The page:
A HAL of an Idea

Dr. David Stork is trying to create a new computer that thinks like a human being. But he needs your help.

On Jan. 12, 1992, Dr. David G. Stork hosted a birthday party for ... well, you might say a friend. Stork is a professor of electrical engineering at Stanford, as well as a huge fan of Stanley Kubrick's 1968 film 2001: A Space Odyssey; by his count, he's seen the movie 43 times. Because he works in the field of artificial intelligence, he takes particular interest in any scene that involves the HAL 9000, the remarkably lifelike computer that operates the spaceship on its trip to Jupiter. Stork regularly lectures on HAL at conferences and universities. Over time, he has met nearly everyone intimately involved in the making of 2001 except Kubrick, and friends keep passing along HAL-related memorabilia. He owns two props from the film. One is the computer's faceplate. The other is the "key" astronaut Dave Bowman uses to lobotomize HAL toward the end of the movie.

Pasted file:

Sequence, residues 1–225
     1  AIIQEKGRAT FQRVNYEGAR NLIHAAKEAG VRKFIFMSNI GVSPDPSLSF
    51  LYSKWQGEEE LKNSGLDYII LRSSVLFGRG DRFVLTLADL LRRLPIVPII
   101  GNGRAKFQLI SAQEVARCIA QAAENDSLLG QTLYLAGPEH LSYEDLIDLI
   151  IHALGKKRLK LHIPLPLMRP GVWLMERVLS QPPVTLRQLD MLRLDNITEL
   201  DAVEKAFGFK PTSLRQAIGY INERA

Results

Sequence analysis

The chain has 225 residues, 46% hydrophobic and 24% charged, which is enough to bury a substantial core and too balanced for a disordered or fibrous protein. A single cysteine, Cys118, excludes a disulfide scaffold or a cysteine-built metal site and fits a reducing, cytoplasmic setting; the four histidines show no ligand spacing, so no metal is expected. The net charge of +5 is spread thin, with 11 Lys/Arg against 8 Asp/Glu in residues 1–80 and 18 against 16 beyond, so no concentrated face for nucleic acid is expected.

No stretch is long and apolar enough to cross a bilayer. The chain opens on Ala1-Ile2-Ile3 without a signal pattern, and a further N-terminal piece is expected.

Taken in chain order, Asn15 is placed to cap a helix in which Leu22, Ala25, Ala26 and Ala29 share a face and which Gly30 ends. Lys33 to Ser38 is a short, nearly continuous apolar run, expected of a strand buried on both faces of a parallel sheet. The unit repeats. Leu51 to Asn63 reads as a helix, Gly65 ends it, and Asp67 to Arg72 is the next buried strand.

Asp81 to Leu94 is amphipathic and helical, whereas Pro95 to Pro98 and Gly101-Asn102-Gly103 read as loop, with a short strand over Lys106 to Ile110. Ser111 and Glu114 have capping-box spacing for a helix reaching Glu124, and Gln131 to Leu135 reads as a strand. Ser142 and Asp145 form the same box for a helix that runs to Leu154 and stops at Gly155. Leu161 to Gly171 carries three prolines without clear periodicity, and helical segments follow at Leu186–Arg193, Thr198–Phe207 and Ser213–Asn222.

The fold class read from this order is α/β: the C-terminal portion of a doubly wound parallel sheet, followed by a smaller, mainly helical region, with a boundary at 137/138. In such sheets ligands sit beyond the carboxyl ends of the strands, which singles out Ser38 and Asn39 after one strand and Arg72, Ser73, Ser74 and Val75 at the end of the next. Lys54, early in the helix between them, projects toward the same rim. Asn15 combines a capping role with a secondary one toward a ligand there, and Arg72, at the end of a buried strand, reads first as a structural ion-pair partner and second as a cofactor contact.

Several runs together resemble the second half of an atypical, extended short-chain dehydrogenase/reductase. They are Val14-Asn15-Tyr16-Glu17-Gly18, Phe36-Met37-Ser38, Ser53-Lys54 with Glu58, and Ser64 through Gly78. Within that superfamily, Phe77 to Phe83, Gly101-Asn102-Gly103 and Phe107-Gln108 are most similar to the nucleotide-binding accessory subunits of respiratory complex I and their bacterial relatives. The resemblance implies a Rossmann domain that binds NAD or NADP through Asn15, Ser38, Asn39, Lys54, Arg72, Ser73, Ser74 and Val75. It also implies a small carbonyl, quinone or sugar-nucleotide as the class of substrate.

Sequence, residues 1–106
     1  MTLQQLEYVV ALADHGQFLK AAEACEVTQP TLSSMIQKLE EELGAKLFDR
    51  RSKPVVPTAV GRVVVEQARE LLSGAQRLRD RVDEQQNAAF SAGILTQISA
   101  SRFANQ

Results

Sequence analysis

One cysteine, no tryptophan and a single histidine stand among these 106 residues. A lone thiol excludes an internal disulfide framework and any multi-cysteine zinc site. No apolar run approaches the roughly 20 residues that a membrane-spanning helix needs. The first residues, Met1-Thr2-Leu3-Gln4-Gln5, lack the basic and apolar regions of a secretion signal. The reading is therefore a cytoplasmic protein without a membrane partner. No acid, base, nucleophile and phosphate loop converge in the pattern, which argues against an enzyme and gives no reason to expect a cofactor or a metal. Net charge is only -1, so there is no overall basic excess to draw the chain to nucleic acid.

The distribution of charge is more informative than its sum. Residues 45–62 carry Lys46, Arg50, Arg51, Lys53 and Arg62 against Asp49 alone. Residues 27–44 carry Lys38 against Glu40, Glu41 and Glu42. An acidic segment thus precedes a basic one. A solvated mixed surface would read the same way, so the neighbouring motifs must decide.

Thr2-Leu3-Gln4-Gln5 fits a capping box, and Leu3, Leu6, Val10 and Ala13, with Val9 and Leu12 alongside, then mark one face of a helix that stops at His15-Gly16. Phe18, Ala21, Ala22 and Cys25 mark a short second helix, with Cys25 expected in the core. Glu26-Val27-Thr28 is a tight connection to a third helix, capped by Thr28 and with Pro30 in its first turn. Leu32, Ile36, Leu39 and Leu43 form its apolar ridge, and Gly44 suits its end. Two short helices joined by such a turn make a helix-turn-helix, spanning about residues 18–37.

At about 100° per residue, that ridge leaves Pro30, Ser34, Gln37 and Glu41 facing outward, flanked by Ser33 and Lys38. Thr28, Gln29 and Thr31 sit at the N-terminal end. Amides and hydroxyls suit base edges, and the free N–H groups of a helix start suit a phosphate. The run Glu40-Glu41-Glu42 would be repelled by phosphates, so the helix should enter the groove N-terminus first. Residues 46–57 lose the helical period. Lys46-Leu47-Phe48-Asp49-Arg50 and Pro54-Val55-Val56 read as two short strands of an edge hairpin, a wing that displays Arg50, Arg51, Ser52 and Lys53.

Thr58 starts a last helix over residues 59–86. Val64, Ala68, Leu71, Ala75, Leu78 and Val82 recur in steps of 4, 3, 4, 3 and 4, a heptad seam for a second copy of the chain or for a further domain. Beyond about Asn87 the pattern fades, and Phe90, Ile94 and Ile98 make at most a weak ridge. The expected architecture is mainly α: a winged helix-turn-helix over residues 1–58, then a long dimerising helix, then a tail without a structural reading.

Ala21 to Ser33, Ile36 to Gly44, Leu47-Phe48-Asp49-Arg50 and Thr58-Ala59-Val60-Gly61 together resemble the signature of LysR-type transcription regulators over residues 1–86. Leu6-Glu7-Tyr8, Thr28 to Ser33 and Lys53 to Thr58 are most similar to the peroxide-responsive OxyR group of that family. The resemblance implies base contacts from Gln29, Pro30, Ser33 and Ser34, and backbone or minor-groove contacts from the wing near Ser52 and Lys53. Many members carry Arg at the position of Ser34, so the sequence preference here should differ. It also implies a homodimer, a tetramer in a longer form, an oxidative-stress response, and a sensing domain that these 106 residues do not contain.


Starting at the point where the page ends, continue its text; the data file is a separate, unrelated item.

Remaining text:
As HAL gasps in that scene, "he" became fully operational on Jan. 12, 1992, in Urbana, Ill. Just for fun, Stork decided to celebrate the occasion by inviting over some friends and colleagues. The Associated Press even showed up, and photographed the revelers as they stood around a HAL-styled birthday cake and sang "Daisy," HAL's dying words, in honor of the miraculous computer that was, in HAL's own words, "foolproof and incapable of error," a gifted lip-reader, a kick-ass chess player, an elegant conversationalist -- and a coldblooded killer of four men.


Dr. David Stork's Open Mind Initiative plans to create smarter computers by using "simple, basic facts."
Anthony Pidgeon
Dr. David Stork's Open Mind Initiative plans to create smarter computers by using "simple, basic facts."